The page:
This brings me to the remote. The Motion Vision's remote is a small, credit card-like piece of plastic that features direct control over functions such as power, menu, mute, night, surround and bass modes, as well as volume and source selection. The remote is functional, but not up to the same design or build quality of the Motion Vision itself - thankfully, its functions can be translated to another, more universal remote, should you fear losing them.

MartinLogan_Motion_Vision_Soundbar_review_living_room.jpgThe Hookup
The Motion Vision arrived neatly packed in a very well-designed and well-constructed box, allowing everything to enter the home safe and sound. The Motion Vision ships with all the necessary accessories and cables needed to get up and running in a flash. To test the Motion Vision's complete ownership experience, I only used the hardware and/or cables supplied in the box, with the exception of a subwoofer cable, which came from my stash.

I always install soundbars in my reference system first, just to see what they're made of, though most end up residing in my bedroom, since the sheer size of my reference room often proves to be too much for many soundbars to overcome. This was not the case with the Motion Vision, which I found out very quickly.

I positioned the soundbar in front of my 50-inch Panasonic plasma, with both resting atop my Omni+ Vent cabinet. Ideally, I would have connected the Motion Vision to my Panasonic's optical audio output, but I wasn't able to make a secure connection. This had nothing to do with the Motion Vision and everything to do with my Panasonic's optical output configuration. I therefore ended up connecting my Dish Network DVR to the Motion Vision via the included RCA cables, and my Dune HD Max Blu-ray/media player via the single optical cable provided in the box.

Since I don't own a compatible MartinLogan subwoofer, I was unable to test the Motion Vision's wireless subwoofer feature. However, I did test its hardwired subwoofer connectivity with JL Fathom f110s. It should be noted that my JL subwoofers are EQ'ed using a combination Room EQ Wizard/Behringer Feedback Destroyer, which I then simply connected to the rear of the Motion Vision. You can easily connect a single subwoofer to the Motion Vision via more conventional means.

Making my way through the Motion Vision's setup menus wasn't difficult, although it wasn't wholly intuitive, either. It initially required a quick consult with the manual. However, once I understood the menu layout and command methodology, I was able to make changes quickly and easily. Furthermore, once the Motion Vision is properly set up, you'll rely on the remote for little more than volume control.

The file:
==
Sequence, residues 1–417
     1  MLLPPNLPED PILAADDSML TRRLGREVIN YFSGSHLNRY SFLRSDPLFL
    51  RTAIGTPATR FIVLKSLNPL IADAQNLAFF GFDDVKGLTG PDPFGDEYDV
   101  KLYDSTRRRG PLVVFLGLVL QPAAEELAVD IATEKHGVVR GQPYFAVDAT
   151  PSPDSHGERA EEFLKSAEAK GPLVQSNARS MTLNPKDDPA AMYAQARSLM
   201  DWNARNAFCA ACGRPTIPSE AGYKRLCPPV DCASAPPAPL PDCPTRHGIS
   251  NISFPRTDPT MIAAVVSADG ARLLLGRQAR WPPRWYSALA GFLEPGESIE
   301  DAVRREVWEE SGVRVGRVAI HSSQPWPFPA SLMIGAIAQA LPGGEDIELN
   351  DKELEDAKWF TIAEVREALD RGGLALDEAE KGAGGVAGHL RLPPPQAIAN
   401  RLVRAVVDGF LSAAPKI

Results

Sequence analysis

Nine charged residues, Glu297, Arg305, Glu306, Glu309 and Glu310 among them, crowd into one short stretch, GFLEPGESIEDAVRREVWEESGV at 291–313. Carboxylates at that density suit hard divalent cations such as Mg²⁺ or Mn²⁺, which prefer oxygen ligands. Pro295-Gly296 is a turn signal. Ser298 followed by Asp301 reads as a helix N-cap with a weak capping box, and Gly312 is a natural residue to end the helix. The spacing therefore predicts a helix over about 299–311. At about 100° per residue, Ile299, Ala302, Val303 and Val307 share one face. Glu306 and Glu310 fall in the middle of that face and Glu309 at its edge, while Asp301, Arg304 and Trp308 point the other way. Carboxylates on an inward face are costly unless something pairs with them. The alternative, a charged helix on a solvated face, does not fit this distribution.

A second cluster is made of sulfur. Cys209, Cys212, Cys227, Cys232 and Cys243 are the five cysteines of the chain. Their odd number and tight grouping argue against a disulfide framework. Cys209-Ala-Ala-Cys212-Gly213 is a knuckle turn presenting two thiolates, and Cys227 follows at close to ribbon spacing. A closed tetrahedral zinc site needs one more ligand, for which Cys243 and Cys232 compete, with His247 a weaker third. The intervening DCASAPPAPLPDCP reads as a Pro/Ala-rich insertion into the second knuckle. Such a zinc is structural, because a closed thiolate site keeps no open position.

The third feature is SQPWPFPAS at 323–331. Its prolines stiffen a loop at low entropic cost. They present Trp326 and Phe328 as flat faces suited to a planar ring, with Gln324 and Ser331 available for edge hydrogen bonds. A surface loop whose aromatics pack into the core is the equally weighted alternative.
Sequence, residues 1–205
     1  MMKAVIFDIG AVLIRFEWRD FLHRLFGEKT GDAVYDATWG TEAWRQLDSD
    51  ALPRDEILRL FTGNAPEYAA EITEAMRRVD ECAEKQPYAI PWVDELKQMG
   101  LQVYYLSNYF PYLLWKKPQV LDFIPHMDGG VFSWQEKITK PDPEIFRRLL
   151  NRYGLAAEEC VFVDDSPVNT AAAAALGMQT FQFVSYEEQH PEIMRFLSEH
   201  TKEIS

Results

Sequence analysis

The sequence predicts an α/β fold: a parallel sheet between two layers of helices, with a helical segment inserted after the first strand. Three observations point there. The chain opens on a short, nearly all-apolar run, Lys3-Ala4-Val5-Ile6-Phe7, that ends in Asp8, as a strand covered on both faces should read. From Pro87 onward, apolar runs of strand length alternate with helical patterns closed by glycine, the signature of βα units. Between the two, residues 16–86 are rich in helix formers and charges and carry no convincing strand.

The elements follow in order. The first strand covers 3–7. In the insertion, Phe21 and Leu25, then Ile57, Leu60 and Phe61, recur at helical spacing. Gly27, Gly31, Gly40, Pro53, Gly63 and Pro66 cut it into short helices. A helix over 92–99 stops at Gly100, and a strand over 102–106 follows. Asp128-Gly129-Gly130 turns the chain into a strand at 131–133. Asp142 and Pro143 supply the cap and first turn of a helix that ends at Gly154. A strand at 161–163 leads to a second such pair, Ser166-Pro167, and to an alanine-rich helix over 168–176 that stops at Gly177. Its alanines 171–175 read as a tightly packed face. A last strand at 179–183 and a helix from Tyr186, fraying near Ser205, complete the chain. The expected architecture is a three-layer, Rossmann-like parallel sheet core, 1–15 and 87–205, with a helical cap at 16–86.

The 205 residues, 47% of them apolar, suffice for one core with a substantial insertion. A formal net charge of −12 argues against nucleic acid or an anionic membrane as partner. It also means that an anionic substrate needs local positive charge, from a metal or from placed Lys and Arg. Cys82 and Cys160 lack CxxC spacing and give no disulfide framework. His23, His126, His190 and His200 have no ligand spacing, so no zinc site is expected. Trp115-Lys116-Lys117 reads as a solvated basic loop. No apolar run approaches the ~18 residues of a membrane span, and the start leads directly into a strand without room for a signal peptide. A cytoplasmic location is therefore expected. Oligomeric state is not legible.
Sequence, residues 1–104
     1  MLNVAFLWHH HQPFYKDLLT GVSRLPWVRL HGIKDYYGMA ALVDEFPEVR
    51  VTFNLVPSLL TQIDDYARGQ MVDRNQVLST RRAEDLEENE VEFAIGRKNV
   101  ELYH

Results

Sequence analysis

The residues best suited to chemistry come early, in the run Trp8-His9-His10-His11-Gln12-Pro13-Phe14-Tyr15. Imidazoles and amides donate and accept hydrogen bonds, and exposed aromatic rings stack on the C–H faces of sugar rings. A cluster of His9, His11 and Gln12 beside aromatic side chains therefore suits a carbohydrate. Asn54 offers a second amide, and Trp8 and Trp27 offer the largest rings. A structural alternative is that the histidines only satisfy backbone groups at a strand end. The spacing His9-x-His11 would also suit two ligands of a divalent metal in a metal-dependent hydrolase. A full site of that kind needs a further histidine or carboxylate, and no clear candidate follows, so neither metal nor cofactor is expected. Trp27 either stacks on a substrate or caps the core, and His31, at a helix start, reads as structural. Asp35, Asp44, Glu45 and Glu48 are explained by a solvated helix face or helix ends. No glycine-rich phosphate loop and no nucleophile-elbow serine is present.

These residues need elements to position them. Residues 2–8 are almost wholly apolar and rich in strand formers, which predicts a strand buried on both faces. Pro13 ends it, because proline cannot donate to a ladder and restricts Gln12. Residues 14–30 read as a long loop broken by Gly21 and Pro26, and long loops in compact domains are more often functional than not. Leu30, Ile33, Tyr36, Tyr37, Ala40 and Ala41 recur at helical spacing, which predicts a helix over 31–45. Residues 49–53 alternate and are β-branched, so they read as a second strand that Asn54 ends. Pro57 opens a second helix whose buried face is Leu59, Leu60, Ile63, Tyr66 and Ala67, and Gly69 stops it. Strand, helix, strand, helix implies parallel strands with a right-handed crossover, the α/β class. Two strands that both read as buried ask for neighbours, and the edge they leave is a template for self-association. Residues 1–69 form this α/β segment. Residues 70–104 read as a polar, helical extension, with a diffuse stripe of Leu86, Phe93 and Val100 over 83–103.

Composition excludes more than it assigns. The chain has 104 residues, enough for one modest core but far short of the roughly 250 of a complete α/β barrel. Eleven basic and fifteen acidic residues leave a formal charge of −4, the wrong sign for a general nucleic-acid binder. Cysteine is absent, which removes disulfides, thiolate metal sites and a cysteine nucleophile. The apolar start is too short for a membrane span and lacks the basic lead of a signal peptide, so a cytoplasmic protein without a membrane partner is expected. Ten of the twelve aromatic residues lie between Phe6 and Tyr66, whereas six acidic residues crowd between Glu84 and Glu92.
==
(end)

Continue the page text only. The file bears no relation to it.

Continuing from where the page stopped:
Lastly, I should also mention that the Motion Vision does come standard with a bracket, enabling it to be wall-mounted out of the box. While I chose not to permanently mar my walls, it is nice that MartinLogan does include the requisite mount and hardware for a truly slick and modern installation.

I started things off with producer Luc Besson's latest, Lockout, starring Guy Pearce and Maggie Grace on Blu-ray (Sony). Lockout is a bass-head's dream, for seemingly every word, gesture and action carries with it a satisfying thud. Via the Motion Vision without a subwoofer, the bass track of Lockout didn't disappoint. In fact, I was impressed, for the Motion Vision not only kept pace, it shone. While the addition of a subwoofer definitely added more weight, the bass coming from the Motion Vision solo was nothing if not completely satisfying. Impact was tremendous, as was texture and detail - hell, there was even organic decay. I will say this: the low-frequency performance was better when seated closer to on-axis as opposed to off, but the optimal sonic window was wide enough to encompass an entire three-seat sofa.

Read more about the performance of the MartinLogan Motion Vision on Page 2.